On top of that, it’s important to understand if the projects on that blockchain are interoperable, which means they can interact with each other.
This now brings us to our final metric:
There is an old saying in startups “You can have the best tech in the world, but if you can’t sell it, it ain’t worth shit”.
The same applies here.
Today, the market is so competitive, that in a way, how much better one blockchain is technical than another does not truly matter.
Ethereum is still switching from mining to ETH 2.0, while so many chains out there are already using Proof of Stake.
In addition, it has some of the highest gas fees in the market.
So one could say “Ethereum has worse tech than other chains”.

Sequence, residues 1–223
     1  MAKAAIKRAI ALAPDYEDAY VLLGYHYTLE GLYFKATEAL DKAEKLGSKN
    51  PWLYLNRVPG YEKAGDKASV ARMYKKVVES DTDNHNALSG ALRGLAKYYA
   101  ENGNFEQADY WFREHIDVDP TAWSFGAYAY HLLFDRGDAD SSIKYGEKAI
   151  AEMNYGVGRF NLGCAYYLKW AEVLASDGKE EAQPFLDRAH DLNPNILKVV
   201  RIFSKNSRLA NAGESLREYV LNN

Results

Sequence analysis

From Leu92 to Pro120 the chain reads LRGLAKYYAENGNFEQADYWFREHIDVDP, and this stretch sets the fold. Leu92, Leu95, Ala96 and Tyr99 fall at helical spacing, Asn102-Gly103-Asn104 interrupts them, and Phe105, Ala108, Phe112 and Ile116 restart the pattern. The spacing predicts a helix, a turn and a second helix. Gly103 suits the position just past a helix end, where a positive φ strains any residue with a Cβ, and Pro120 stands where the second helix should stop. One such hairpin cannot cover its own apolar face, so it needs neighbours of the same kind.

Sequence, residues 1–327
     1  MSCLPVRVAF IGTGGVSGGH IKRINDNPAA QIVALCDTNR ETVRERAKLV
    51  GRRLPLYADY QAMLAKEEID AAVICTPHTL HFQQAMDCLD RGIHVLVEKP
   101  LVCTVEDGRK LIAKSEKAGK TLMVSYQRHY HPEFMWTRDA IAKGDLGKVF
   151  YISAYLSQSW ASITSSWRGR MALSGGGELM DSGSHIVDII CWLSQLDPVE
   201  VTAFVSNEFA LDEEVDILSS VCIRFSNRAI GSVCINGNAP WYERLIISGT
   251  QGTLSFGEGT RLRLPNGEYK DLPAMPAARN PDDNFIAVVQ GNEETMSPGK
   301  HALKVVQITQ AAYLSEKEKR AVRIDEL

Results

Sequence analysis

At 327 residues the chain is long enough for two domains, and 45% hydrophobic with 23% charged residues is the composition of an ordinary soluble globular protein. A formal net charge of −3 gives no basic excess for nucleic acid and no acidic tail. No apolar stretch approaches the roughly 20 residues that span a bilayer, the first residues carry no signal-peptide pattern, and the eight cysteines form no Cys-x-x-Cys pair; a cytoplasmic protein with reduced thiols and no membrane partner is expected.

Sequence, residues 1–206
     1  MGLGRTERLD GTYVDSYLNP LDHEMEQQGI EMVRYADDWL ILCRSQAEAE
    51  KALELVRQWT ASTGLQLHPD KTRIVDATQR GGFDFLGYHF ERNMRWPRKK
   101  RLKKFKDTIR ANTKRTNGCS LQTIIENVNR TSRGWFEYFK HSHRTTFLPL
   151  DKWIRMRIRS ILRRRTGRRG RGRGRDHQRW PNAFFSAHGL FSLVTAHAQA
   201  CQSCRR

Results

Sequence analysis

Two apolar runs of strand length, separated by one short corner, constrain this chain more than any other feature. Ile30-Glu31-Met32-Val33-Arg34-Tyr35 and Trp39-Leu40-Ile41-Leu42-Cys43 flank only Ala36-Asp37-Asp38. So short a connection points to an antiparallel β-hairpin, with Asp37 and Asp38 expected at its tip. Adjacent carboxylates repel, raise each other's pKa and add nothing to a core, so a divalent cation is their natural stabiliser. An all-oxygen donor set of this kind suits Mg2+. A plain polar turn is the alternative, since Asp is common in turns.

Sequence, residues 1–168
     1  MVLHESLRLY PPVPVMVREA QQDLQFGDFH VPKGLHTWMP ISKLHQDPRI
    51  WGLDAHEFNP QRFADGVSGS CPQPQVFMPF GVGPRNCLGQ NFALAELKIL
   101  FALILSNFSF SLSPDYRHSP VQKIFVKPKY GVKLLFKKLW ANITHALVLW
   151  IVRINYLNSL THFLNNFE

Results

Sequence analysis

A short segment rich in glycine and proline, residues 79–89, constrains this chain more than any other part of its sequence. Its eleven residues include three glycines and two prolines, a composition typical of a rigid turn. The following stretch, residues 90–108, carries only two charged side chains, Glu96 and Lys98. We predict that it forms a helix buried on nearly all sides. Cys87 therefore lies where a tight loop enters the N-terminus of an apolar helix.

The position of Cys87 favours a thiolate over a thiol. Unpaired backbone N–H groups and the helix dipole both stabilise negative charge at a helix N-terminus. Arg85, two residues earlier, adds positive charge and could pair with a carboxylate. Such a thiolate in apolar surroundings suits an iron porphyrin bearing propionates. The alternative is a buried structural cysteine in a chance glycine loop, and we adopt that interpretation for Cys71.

But as we saw, Ethereum is the giant in the market and so this proves that adoption rules all.
We also see this concept of adoption with other blockchains that are partnering up with huge organizations like Flow, who partnered up with NBA Topshop and the NFL. There is still room to play.
There is also an aspect of adoption in terms of Global Adoption.
For instance, in Asia, the Klaytn Blockchain is very strong and is EVM compatible. If you are taking a look at another market besides North America, perhaps it might benefit you to take a look at other blockchains and their adoption in the region you are targeting.
So bottom line: adoption is stronger than tech.
If the chain you are building on has a massive chance of adoption from its flywheel, to its adoption, then feel comfortable.
I am sure this was a lot of information to read. It is a lot to think about. I hope this helps you and your journey to build in Web3. So congrats on coming this far.
Now take the leap and start building.
As one of the role models, Gary Vaynerchuk said, “Regret of not trying is the most painful kind of regret”.